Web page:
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Pizza parties, backroom drinks won’t fix DC

A Boston Globe story undercuts an unpersuasive theory

Why can't members of Congress just get along? Critics of polarization often suggest that a key reason for the decline... More

Why won’t journalists ask Bill Cosby the tough questions? - Sexual assault charges are hardly ever mentioned to the TV star

Knoxville’s alt-weekly wasn’t losing money. It got shut down anyway - Scripps pulls the plug on Metro Pulse in favor of an entertainment supplement for the local daily

Chuck Todd’s Obama book says more about the author than it does about the president - ‘The Stranger’ underscores a broader problem with the way we cover politics

Beware labeling Pope Francis a liberal - Political boxes like liberal/conservative and evolutionist/creationist miss his real significance

The Virginian-Pilot produces a breakthrough investigation amid layoffs - Reporter John Holland discusses how the story came together, newsroom cutbacks, and colleagues who cover for each other


Which media outlets use ‘illegal immigrant’? (Fusion)

“[I]n spite of all the good reasons not to use the phrase, it is still very easy to find in the US press, even in headlines”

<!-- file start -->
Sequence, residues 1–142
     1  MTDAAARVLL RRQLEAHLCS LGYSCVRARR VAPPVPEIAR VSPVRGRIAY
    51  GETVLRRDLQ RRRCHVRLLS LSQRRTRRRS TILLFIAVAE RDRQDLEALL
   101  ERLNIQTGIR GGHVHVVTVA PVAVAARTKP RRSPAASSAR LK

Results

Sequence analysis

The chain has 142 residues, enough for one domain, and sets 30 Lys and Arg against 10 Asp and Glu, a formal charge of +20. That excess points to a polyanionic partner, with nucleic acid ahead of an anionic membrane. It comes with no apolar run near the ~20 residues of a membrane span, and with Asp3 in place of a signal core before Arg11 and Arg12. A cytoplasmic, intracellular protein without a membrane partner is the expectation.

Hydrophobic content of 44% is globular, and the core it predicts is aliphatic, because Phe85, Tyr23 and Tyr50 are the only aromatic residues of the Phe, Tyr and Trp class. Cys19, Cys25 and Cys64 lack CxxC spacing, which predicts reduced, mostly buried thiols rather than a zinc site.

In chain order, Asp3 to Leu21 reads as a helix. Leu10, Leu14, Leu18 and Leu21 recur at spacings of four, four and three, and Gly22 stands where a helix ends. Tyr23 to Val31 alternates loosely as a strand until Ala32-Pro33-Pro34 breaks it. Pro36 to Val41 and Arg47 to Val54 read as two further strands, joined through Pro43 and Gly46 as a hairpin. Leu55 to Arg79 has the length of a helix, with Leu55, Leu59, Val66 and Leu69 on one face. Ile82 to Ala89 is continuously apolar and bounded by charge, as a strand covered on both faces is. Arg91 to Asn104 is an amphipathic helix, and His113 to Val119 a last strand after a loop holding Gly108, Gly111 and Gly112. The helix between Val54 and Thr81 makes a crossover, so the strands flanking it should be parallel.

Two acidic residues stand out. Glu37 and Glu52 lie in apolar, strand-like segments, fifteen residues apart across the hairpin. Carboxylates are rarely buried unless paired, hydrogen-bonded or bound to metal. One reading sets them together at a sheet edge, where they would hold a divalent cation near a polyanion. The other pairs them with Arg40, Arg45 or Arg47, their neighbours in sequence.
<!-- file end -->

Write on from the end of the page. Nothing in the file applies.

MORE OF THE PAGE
Jack Shafer on losing his job (Capital New York)

“Right now, my immediate plan is to go to work as a lay therapist at The Intercept to bring the healing there so John Cook and Matt Taibbi can return. I have great interpersonal skills.”

On outlets that continue to call unknown drone victims ‘militants’ (The Intercept)

“Like the US drone program itself, this deceitful media practice continues unabated”

UNITY’s convention is no more (All Digitocracy)

“The organization’s board of directors decided that UNITY will no longer host the quadrennial conferences for which it had become known”

Bloggingheads

Greg Marx discusses democracy and news with Tom Rosenstiel of the American Press Institute

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Who Owns What

The Business of Digital Journalism

A report from the Columbia University Graduate School of Journalism

Study Guides

Questions and exercises for journalism students.